nep-cis New Economics Papers
on Confederation of Independent States
Issue of 2022‒08‒08
eighteen papers chosen by
Alexander Harin
Modern University for the Humanities

  1. The Russia-Ukraine War and Food Security in Morocco By Abdelaaziz Ait Ali; Uri Dadush; Fatima Ezzahra Mengoub; Isabelle Tsakok
  2. Optimal tariff versus optimal sanction: The case of European gas imports from Russia By Gros, Daniel
  3. Low-carbon technologies and Russian imports: How far can recycling reduce the EU's raw materials dependency? By Rizos, Vasileios; Righetti, Edoardo
  4. Challenges and opportunities to develop Kazakhstani logistics projects within the BRI By Brauweiler, Hans-Christian; Yerimpasheva, Aida
  5. Populist civil society, the Wagner Group, and post-coup politics in Mali By Sebastian Elischer
  6. Nord Stream 2 - Deutschlands Dilemma By Westphal, Kirsten
  7. The EU’s Strategic Compass: A guide to reverse strategic shrinkage? By Blockmans, Steven; Macchiarini Crosson, Dylan
  8. Implications of Food Systems for Food Security: The case of the Federal Republic of Nigeria By Isabelle Tsakok
  9. Gas demand in times of crisis. The response of German households and industry to the 2021/22 energy crisis By Ruhnau, Oliver; Stiewe, Clemens; Muessel, Jarusch; Hirth, Lion
  10. A pillar of stability in an unstable world: Strengthening EU-Japan security cooperation in the Indo-Pacific By Benaglia, Stefania; Macchiarini Crosson, Dylan
  11. Deep historical roots, culture choice and the New World Order By Miller, Marcus
  12. Where the (euro) buck stops: Facing the next big crisis with a better EU budget By Núñez Ferrer, Jorge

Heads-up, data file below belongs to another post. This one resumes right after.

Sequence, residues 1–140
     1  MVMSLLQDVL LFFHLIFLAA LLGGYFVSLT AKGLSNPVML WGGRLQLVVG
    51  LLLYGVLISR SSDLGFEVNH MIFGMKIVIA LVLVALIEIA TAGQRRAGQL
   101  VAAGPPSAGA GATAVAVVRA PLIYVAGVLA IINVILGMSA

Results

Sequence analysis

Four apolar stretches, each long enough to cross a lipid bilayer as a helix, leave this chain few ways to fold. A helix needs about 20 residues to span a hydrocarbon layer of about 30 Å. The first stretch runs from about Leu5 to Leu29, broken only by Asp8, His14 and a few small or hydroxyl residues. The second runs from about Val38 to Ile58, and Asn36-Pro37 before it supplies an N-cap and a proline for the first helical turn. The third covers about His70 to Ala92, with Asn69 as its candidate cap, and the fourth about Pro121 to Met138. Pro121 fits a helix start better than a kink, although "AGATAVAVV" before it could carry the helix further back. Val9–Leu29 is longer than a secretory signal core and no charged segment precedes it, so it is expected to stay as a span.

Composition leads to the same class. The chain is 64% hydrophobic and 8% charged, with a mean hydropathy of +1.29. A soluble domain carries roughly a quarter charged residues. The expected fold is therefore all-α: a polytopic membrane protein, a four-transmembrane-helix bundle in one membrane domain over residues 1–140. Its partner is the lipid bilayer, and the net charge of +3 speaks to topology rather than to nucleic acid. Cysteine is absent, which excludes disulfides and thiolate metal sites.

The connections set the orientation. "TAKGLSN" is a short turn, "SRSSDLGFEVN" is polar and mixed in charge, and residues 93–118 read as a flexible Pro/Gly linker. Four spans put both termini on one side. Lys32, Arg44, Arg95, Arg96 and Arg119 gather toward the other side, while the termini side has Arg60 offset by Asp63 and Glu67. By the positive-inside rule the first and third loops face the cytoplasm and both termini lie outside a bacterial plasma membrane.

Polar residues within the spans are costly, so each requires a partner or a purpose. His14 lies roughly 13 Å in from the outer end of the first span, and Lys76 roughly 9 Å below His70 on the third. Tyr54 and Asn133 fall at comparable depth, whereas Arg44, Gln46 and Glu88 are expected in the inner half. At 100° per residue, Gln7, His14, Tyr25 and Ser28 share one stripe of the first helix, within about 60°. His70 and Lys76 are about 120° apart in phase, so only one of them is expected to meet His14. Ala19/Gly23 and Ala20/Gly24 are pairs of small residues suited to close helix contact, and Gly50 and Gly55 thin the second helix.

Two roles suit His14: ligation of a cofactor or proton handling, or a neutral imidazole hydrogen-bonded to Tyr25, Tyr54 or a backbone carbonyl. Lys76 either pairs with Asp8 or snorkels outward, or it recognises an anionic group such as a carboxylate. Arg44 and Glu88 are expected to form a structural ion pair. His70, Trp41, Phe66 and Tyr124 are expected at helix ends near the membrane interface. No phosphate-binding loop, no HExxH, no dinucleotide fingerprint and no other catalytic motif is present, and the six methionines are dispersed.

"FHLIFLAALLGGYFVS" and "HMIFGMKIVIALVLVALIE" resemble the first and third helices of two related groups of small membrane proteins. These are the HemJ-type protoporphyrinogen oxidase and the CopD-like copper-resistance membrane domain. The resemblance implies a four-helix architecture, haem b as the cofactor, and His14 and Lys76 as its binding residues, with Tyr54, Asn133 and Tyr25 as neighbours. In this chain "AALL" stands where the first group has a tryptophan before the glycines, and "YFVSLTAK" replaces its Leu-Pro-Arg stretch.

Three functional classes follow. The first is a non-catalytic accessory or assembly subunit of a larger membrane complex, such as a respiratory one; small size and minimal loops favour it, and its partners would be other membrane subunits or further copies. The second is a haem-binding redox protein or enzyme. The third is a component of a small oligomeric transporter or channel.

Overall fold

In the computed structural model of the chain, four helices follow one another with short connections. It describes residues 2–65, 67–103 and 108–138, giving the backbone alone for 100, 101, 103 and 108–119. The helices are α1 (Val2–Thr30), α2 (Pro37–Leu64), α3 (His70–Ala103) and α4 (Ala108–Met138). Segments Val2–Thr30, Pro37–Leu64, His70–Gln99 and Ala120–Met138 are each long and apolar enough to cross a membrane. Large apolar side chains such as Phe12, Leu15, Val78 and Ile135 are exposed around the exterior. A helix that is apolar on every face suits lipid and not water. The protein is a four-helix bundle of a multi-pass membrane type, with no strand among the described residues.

13. L’agriculture ukrainienne sous tension By Sandrine Levasseur
  14. Minimum Wages in Developing Countries By Fang, Tony; Ha, Viet Hoang
  15. Economic drivers of volatility and correlation in precious metal markets By Theu Dinh; Stéphane Goutte; Khuong Nguyen; Thomas Walther
  16. Atlantis Rising A Blueprint for a Better World By Hanappi, Hardy
  17. Can the Pay Transparency Directive close the gender pay gap? By Alcidi, Cinzia; Ounnas, Alexandre
  18. CO2 Emission and Trade Policy in Agricultural and Food products By Raimondi, Valentina; Curzi, Daniele; Lucarno, Riccardo; Olper, Alessandro

  1. By: Abdelaaziz Ait Ali; Uri Dadush; Fatima Ezzahra Mengoub; Isabelle Tsakok
    Abstract: Following on the heels of the COVID-19 pandemic and severe drought in North Africa, the Russian invasion of Ukraine – large exporters of food and, in the case of Russia, energy— may inflict increased hunger on the food insecure in Morocco – despite mitigating measures by the government. Morocco is so far successfully shielding its large poor and vulnerable population by subsidizing essential commodities. With memories of the violent protests during the 2007/08 food and fuel crisis still fresh, government support is necessary to maintain social stability. Such support measures are costly even in a typical year. In 2022, the legacy of the pandemic, a combination of drought, soaring cereal and oil prices, global inflation, and economic slowdown will test the 'government's ability to keep fiscal deficits within sustainable bounds. Looking to the longer term, the high costs of government subsidies highlight the need for a sustainable strategy to deal with food security. Morocco's New Development Model (April 2021) promises to progress towards this goal by re-orienting public investment and creating incentives to improve efficiency and resilience in rain-fed agriculture and add value throughout the agri-food sector, not just in irrigated agriculture. The food and fuel crises triggered by the war raise the stakes for reforming the agri-food system throughout Africa, not only in Morocco. The African Continental Free Trade Agreement (AfCFTA) presents a unique opportunity to develop a vast and reliable regional market including food that is less exposed to the vagaries of the political, security, and economic environment outside the region.
    Date: 2022–04
  2. By: Gros, Daniel